I haven't heard from Norman since he left Brooklyn. Hope to hear by the Liverpool boat that is expected. He ought, with God's blessing, to be nearing Africa by today, if he left England on the 12th.
Leila is to spend Sunday at the Crane (hotel) with the Emtages and is busy with a dress. Can't write, sends her love.
I begged your papa to write to you last Monday. I don't think he did. He never writes the others. He has some canes (sugar) planted and is preparing for the rains, but wants manure and proper turning up.
Dear Bertie try and don't miss the regular writing, dear son, even a few lines to comfort me. Jack will take this to post tomorrow. I pray may God bless and keep you my dear child.
Your loving Mother.
PS from Leila:
Sorry I can't put in some of my scrawl too. Have been very busy and there is not any fresh news. Will hear from me soon though. Hope you are keeping well. Take care of yourself and don't forget to write us. Jack is waiting to be kissed and so must go!! Love, Leila
Hello, Bertie there is a certain little girl here waiting to be kissed, too. Good Luck Jack.
Charles H. Cox
Corporate Registered Accountant
31 Pine St.
To: Gunner B. Howard
59th Overseas Battery
Winnipeg, Man. Canada
May 3rd, 1916
My dear Bertie,
Have not had a chance to write you since your joining the Colors. I can't blame you and yet I am sorry that you may have to give your life for a country which is not your native land.
Ina was very much ashamed that she did not have a brother in the army, now she is very sorry she has ( just like a woman).
Was talking to a chap who has returned from service, having been buried by a 'Jack Johnson', and was dug out 4 hours later, that got his discharge. He told me to advise you not to join, as the care of the horses is most irksome.
Also, that if you ever have to place a gun in a new position, to be sure that the position is well screened, before you even start to dig the foundations, as one 15" gun, he knew of, only fired one shot and was blown to pieces because they had not screened their foundation, and which had been noted by an enemy aeroplane and six shells burst right on top of them as soon as the gun was fired.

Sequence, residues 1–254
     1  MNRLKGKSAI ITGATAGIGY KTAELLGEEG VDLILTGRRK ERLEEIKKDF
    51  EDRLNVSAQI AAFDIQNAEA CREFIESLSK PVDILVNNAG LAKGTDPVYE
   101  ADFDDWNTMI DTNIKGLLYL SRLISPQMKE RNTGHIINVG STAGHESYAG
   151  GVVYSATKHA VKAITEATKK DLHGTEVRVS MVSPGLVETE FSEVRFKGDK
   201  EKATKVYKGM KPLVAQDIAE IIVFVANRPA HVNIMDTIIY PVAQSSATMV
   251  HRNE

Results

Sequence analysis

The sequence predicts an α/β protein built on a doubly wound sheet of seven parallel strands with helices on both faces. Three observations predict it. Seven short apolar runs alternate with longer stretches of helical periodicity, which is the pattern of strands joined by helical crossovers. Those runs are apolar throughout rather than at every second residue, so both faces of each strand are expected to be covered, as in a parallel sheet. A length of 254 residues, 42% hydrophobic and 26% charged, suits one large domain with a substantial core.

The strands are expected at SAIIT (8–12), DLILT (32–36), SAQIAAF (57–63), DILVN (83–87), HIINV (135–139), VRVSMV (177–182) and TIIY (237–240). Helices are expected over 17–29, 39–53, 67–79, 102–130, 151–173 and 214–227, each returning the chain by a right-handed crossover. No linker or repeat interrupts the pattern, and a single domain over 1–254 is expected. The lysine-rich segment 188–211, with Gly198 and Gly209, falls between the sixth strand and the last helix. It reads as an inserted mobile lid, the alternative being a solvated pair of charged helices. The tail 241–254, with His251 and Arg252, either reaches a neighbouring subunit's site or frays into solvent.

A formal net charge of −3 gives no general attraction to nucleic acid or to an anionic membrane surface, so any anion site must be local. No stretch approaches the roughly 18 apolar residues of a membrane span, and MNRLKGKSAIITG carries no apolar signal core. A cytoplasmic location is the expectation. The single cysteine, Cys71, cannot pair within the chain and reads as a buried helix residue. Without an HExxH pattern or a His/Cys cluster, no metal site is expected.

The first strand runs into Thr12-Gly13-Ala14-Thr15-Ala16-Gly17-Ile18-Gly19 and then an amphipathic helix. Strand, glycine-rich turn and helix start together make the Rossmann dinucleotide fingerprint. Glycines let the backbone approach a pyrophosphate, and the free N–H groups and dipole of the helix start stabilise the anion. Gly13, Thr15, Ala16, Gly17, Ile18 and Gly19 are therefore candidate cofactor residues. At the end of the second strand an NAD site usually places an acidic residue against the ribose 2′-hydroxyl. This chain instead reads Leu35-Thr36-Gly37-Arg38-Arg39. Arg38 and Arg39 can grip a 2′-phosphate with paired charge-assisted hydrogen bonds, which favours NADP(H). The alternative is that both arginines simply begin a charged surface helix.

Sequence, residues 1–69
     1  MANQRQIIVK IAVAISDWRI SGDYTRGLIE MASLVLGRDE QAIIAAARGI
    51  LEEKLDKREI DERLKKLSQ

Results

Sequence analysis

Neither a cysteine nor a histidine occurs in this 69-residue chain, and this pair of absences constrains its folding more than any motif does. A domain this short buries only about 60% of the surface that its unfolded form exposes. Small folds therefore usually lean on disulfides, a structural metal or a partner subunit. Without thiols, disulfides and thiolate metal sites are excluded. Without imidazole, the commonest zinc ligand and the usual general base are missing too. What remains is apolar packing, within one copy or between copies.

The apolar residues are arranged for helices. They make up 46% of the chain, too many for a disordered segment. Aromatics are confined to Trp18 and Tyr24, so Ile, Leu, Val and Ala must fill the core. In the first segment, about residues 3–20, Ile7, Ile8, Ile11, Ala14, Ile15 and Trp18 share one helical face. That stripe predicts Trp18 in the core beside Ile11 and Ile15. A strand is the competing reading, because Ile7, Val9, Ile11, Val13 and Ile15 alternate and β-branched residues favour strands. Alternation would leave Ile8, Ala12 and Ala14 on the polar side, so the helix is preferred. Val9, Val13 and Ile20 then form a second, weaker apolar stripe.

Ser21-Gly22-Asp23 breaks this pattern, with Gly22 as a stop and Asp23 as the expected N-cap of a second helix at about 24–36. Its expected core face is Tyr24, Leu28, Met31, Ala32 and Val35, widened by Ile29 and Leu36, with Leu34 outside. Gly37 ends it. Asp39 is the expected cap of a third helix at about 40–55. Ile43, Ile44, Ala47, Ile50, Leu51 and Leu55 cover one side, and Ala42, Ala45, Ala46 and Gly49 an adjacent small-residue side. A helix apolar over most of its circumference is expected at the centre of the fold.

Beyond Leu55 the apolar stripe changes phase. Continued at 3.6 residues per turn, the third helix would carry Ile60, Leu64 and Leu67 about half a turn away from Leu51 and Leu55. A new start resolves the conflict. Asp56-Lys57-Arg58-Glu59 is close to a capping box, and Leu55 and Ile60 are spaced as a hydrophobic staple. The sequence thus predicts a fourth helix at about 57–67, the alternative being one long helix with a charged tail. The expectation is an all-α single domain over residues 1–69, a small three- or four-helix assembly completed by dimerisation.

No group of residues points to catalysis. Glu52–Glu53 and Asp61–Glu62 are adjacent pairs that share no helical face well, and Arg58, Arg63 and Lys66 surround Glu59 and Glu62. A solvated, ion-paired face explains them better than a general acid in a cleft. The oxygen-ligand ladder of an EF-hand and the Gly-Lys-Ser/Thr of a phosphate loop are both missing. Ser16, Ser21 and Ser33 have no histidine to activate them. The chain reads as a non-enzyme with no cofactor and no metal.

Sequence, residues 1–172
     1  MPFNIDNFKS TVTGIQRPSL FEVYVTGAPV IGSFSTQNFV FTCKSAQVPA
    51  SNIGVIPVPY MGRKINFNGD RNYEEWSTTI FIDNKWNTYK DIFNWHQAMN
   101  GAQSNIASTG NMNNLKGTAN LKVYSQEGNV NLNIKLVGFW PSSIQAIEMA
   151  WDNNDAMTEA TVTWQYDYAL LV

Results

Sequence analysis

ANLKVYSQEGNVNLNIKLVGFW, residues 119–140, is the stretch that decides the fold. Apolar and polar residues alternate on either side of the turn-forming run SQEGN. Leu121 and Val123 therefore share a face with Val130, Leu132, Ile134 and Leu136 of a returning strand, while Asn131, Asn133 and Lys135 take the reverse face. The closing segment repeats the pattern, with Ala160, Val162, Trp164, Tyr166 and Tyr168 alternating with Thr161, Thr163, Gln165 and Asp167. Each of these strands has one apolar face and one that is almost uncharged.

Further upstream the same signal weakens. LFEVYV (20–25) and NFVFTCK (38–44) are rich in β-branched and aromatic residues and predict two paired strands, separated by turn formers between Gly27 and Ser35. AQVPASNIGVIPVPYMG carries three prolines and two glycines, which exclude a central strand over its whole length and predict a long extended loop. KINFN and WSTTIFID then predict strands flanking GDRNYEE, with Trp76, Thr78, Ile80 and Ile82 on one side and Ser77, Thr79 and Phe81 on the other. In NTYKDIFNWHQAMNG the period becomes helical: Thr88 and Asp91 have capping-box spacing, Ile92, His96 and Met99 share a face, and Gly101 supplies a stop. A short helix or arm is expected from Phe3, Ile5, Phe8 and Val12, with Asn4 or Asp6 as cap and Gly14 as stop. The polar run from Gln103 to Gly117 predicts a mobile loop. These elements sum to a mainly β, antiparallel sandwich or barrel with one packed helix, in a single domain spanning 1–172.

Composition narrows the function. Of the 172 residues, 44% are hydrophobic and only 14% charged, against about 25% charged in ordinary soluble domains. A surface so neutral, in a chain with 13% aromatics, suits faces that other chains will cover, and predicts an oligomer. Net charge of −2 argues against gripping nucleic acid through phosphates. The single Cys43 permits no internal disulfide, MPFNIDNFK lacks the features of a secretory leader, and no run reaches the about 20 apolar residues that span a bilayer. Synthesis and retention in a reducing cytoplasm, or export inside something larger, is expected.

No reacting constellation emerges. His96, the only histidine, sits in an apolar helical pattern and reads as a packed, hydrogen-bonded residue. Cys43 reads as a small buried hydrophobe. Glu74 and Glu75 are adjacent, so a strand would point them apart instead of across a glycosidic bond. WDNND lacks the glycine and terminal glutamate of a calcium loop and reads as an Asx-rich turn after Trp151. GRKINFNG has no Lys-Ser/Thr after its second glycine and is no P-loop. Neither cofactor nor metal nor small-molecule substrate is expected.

I do not suppose you are so crazy about fighting now, as you were before you joined. Maybe one of these days, I will be doing the same thing, but in that case I will belong to the aero division; who knows, we may be fighting together before we die.
Was talking with a chap yesterday and he saw how you noticed that the Canadians, Australians, New Zealanders and other Colonial troops are doing the brunt of the fighting. The English are not in the front ranks and everything that they have had a hand in, has turned out rotten.
I have them ( the English) all around me in the office and from those I've met, no wonder they muddle everything. By the time you finish showing them, foot by foot, what to do, you could have done it yourself.
I have no doubt that the US will be in the war before long. We have to wait for our present Pussy footing President to complete his term of office.
Mabel sends her love and all good wishes and if your Battery should ever be charged by the enemy, I trust
you will have the chance to account for a score of them, at least?personally.
Your Affectionate brother,
May 28, 1916
Bertie, dear son,
Your letter of 6th of May to hand, by return of the boy who took ours down to post. So glad to get it, dear child.
I have had such depression. I am sure that I feel in my body, the aches of my children. I am so glad that you thought of going to the hospital,. It was certainly best for you. I trust that the 3rd inoculation did not make you any more ill. Well, by this letter you have written me of the dance and I hope you enjoyed it and Miss Dorothy's company.
June 1st, 1916
Jack says that a boat is expected to leave tomorrow, so I'll finish this for him to take down tonight.
He is not well at present. His digestion is always troubling him, seems to me. He says his liver has been always his trouble. He misses an evening, sometimes, when he has much pain---and we miss him. (note: Jack and Leila's courting days).
There was a nice service at the church one evening last week. Leila didn't know it in time, or we'd have gone. It was for all the Barbadians in the war. 15 clergymen Mr. Dalton read out the names, yours among them. Prayers and hymns sung. Ina writes me that when you are at Petawawa, she thinks Murrill will be able to go see you. I am so very glad if that is so. You will be soon going, now, I suppose. Hope this letter will reach you
I can't think why you should be inoculated a 3rd time if you have been through the fever. It couldn't have been fully developed. I am longing now for the coming letter. Very glad, my darling that you are enjoying the change of season and trust you are going through with the exams all right. This illness must have lost you some time at them.